No, you can’t deny it. It is all justified by China’s economic miracle! The skyscrapers and shopping malls in Shanghai! And as we all know, China’s rise is a fact! Nobody can deny it.
And the Emperor’s New Clothes are just as beautiful as Shanghai today.

July 18, 2006 @ 9:35 pm | Comment

Chip, I am NOT in favor of cutting off China. I know where Ahmet is coming from but I don’t endorse his idea (and as I tried to convey, it’ll never happen – it would be bad forbusiness).

Ivan, very funny. On the other hand, unlike you, I do believe there is something to the economic miracle, despite all the window dressing and BS. It’s easy to poke holes in it – so much of the glitter is state-subsidized, so many of the fancy buildings will look run-down and shoddy soon because they’re poorly made, statistics about skyrocketing growth aren’t always reliable, it take more than the manufacture of toys and socks to be a superpower, etc., etc., etc., etc. But I also do see enough substance to it to justify a lot of the pride Chinese people feel when they look at China today. The true test will come when China sees its first economic crisis, which is simply a matter of time, as it is with every economy throughout history. China’s 1997 will arrive, and then we’ll all see exactly how much clothing the emperor is really wearing.

July 18, 2006 @ 9:48 pm | Comment

And yet, even if China’s economic recovery (“growth” is not an accurate word for rising out of a pile of shit) is sustainable in the long term (as I believe it will be, to a limited extent), none of it will justify how those savages poured shit down that woman’s throat during the Cultural Revolution. And yet, all of the CCP apologists will continue to point to glass skyscrapers and cell-phones to justify all of their evils, of which they will never repent.

And that is why, regardless of any economic “growth”, real or not, and sustainable or not, China will remain a barbarian country for a long time. It will remain a barbarian country unless and until it faces the truth of its history. And pigs will fly before that day comes.

July 18, 2006 @ 10:30 pm | Comment

none of it will justify how those savages poured shit down that woman’s throat during the Cultural Revolution.

No argument there.

I will, however, argue about branding all of China as “a barbarian country.” That just seems over the top because it’s too general and too simple, and China isn’t a simple place. I agree that it needs to come to terms with its past, but let’s face it – as you yourself say, that’s not happening anytime soon. Does that make its recovery (again to use your term) any less real or impressive? It’s failure to look at its true history is disappointing, certainly, and it’s ultimately self-defeating as it leaves the government open to endless criticism and suspicion. But there’s much more to China than barbarianism. I am so uncomfortable with sweeping generalities, perhaps because I’ve been the victim of them myself (as you know, this is “a hate site”).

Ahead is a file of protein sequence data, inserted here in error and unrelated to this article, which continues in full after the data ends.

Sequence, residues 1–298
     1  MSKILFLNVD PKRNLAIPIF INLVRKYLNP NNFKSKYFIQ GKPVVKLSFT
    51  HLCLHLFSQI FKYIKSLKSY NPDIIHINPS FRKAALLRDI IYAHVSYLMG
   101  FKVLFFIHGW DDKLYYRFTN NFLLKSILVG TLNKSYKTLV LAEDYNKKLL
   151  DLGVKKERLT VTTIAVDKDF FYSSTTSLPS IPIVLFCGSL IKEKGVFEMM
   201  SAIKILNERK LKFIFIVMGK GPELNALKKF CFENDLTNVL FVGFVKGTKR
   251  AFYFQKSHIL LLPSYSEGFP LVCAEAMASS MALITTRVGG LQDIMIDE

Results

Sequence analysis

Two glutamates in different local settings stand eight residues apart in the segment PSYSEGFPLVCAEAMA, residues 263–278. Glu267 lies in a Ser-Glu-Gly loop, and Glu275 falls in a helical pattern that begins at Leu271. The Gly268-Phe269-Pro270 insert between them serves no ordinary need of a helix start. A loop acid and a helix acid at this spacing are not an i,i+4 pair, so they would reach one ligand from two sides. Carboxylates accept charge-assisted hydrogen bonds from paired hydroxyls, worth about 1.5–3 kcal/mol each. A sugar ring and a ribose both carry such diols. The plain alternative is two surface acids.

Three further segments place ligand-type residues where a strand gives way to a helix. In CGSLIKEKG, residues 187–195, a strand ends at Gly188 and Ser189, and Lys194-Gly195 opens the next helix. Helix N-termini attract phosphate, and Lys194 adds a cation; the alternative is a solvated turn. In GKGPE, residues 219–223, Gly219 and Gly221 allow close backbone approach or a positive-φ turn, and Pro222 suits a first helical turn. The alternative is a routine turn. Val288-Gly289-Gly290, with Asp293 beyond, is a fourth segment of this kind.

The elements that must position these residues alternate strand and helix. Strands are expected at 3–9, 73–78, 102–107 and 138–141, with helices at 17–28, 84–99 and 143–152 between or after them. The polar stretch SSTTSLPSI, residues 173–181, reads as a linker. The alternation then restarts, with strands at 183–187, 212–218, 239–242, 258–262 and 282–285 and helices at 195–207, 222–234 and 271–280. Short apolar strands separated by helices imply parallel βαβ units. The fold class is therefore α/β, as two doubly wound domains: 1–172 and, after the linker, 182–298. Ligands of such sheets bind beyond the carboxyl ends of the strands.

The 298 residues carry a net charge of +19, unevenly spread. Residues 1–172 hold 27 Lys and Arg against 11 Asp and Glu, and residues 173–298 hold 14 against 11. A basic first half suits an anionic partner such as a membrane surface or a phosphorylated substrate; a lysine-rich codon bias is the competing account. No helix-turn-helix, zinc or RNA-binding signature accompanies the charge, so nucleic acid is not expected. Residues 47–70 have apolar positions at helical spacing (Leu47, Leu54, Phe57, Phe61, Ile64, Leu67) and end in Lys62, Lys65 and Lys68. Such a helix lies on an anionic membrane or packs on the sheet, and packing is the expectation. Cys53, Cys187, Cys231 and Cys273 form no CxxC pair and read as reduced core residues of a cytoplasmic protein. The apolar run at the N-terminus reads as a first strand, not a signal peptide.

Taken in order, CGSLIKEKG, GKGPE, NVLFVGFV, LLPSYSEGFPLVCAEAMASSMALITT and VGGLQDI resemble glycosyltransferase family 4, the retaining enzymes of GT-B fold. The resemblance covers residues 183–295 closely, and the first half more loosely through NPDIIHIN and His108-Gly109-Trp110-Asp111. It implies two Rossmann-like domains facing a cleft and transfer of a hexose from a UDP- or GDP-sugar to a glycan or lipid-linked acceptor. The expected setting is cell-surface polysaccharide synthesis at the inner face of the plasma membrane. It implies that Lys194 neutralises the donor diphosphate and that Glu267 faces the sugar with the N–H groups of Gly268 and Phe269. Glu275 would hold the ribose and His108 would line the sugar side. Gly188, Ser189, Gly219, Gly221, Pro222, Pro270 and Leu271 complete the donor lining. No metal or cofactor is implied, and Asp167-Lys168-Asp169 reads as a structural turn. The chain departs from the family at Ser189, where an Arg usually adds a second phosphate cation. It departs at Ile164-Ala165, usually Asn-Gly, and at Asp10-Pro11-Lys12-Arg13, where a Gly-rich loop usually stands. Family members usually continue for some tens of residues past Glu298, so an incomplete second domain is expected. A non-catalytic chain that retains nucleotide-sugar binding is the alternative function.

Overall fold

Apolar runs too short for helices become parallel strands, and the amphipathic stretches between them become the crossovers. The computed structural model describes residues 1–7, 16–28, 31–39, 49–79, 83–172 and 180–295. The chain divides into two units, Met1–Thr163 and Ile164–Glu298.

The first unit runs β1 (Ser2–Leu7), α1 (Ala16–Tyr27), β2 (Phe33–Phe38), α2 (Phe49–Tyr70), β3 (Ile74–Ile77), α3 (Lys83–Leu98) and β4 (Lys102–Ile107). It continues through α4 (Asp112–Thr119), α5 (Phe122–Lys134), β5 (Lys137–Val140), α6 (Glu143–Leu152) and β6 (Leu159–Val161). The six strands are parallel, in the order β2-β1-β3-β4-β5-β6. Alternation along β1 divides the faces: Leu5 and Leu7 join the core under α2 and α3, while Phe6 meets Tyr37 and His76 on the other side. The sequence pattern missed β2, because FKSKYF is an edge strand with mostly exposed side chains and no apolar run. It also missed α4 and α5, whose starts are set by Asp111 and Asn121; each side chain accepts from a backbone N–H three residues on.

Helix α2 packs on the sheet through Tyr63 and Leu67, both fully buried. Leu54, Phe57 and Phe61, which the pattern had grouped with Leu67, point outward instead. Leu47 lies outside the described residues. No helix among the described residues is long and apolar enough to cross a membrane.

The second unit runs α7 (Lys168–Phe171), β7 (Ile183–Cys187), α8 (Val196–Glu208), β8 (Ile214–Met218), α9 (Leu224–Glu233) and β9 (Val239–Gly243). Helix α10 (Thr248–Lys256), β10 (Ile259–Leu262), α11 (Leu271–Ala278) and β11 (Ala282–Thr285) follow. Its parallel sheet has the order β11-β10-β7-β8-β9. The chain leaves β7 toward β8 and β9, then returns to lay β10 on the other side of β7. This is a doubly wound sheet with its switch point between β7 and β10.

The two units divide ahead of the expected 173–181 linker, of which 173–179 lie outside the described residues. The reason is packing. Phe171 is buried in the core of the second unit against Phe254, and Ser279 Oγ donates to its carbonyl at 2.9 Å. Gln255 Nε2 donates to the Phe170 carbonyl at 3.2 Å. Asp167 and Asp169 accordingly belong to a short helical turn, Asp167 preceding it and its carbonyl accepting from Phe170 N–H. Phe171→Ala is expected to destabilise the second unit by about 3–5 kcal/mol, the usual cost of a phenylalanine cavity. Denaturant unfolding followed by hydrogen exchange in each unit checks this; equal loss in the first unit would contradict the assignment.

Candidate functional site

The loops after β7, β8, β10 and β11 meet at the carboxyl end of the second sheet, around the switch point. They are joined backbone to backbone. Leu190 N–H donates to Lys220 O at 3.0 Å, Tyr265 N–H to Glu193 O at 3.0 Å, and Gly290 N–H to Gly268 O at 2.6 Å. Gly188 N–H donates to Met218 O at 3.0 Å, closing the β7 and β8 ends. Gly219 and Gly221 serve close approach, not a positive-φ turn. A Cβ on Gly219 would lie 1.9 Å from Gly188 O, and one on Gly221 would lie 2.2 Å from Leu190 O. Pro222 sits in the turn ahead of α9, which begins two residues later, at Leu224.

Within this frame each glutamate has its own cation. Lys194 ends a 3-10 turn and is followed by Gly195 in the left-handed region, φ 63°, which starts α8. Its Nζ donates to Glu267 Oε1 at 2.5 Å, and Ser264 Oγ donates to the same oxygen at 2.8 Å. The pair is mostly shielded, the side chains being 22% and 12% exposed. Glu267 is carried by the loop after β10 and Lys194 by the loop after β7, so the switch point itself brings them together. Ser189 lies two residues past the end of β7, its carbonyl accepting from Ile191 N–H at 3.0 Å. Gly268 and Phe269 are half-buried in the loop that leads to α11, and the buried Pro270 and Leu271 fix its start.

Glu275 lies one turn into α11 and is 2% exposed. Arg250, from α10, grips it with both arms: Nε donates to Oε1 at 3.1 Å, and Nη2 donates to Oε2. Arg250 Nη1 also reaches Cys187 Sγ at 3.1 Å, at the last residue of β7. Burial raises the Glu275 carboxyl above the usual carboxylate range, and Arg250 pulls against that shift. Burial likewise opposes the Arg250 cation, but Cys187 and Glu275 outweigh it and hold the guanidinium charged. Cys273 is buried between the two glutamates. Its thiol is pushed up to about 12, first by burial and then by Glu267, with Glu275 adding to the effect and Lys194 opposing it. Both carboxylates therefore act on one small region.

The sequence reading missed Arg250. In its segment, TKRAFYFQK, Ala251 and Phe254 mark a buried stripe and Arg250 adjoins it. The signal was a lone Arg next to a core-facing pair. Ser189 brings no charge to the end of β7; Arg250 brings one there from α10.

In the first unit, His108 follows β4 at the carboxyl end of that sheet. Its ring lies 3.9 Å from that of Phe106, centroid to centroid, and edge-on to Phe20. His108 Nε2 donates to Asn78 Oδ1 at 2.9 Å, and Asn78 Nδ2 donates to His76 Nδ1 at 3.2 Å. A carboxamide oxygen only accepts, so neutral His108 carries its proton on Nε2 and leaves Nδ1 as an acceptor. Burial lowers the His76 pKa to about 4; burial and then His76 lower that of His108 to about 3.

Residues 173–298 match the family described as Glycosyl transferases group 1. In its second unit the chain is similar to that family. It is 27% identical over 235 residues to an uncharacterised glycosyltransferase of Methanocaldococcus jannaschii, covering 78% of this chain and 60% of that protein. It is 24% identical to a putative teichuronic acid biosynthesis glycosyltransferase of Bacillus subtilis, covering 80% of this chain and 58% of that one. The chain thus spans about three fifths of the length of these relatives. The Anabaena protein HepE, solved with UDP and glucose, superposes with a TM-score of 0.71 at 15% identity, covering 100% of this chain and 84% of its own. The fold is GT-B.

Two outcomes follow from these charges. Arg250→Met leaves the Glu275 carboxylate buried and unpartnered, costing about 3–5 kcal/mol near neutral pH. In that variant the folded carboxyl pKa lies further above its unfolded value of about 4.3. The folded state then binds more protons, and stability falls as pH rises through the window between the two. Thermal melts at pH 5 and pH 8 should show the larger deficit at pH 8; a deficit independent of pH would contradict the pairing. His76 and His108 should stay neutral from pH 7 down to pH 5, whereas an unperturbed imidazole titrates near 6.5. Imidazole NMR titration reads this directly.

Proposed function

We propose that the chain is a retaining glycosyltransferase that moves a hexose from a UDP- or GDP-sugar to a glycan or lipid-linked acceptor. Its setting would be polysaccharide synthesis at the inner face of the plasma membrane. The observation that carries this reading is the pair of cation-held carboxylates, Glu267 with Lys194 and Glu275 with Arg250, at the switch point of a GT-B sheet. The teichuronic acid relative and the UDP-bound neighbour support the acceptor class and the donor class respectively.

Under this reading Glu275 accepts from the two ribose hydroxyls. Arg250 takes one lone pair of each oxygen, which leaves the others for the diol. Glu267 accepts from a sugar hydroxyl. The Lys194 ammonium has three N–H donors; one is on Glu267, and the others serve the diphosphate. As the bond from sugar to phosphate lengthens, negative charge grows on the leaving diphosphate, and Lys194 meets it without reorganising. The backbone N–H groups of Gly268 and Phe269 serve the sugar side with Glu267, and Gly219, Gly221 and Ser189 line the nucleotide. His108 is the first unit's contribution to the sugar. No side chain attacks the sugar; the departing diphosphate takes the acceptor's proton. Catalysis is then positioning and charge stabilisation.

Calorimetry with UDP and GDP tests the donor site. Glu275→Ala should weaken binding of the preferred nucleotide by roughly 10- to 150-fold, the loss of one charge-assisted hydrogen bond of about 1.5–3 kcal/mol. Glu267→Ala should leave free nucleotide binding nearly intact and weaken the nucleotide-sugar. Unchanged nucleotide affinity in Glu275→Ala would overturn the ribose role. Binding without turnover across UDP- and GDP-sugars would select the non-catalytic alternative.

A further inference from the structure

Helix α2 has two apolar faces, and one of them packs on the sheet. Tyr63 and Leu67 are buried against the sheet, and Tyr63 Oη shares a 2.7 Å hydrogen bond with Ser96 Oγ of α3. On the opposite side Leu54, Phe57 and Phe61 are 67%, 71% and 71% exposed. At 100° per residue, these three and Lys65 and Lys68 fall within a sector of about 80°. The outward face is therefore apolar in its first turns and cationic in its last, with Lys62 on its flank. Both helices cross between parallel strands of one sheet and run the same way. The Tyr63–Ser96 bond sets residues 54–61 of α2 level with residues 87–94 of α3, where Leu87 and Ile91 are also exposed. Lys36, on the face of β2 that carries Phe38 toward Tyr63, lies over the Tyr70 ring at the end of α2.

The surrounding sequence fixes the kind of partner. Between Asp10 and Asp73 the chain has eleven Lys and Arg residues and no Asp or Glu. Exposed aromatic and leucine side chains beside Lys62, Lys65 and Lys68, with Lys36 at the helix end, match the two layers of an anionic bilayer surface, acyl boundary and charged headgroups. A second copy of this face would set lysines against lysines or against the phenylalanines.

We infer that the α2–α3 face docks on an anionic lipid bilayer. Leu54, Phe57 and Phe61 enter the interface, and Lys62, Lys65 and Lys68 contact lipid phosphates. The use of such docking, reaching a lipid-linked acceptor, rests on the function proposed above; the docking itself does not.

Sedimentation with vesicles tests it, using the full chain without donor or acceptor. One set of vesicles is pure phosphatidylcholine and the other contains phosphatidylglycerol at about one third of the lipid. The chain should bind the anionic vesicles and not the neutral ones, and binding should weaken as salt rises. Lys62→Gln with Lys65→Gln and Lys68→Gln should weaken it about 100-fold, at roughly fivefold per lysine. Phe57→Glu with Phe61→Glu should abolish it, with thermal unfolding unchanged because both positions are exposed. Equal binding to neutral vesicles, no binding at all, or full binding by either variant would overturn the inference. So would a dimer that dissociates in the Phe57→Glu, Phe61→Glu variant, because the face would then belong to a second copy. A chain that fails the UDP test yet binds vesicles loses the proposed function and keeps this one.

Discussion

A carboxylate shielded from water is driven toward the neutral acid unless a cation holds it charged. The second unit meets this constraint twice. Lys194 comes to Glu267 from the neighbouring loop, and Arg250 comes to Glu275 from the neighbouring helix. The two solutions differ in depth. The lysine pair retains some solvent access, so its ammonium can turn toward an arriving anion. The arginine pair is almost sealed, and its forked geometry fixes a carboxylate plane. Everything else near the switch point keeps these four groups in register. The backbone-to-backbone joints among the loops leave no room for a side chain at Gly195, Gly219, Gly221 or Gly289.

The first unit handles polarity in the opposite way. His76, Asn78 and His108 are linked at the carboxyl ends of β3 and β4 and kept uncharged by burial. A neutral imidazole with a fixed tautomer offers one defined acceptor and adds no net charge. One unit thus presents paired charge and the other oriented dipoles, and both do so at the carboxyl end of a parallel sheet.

July 18, 2006 @ 10:47 pm | Comment

And you know, whenever you say “China” in quotes and sweeping terms…well…there are plenty of Chinese people who lived through the CR and know damn well what the consequences of it were. I daresay there are even plenty of CCP members who get it as well. There’s official “history” and then there’s real history, subterranean at times, but not so far beneath the surface.

China law blog has an interesting post up about what country is poised to be “the next China” – the conclusion? Basically, China – the “second tier” cities like Chengdu, etc.

July 19, 2006 @ 12:16 am | Comment

I think the emperor’s new clothes analogy is right on the dollar. But I have to admit I didn’t like the first thought that came to my mind: A naked Chairman Mao.. ugh….another analogy please!

July 19, 2006 @ 12:26 am | Comment

Excellent article. Tnx for the link.

July 21, 2006 @ 12:28 am | Comment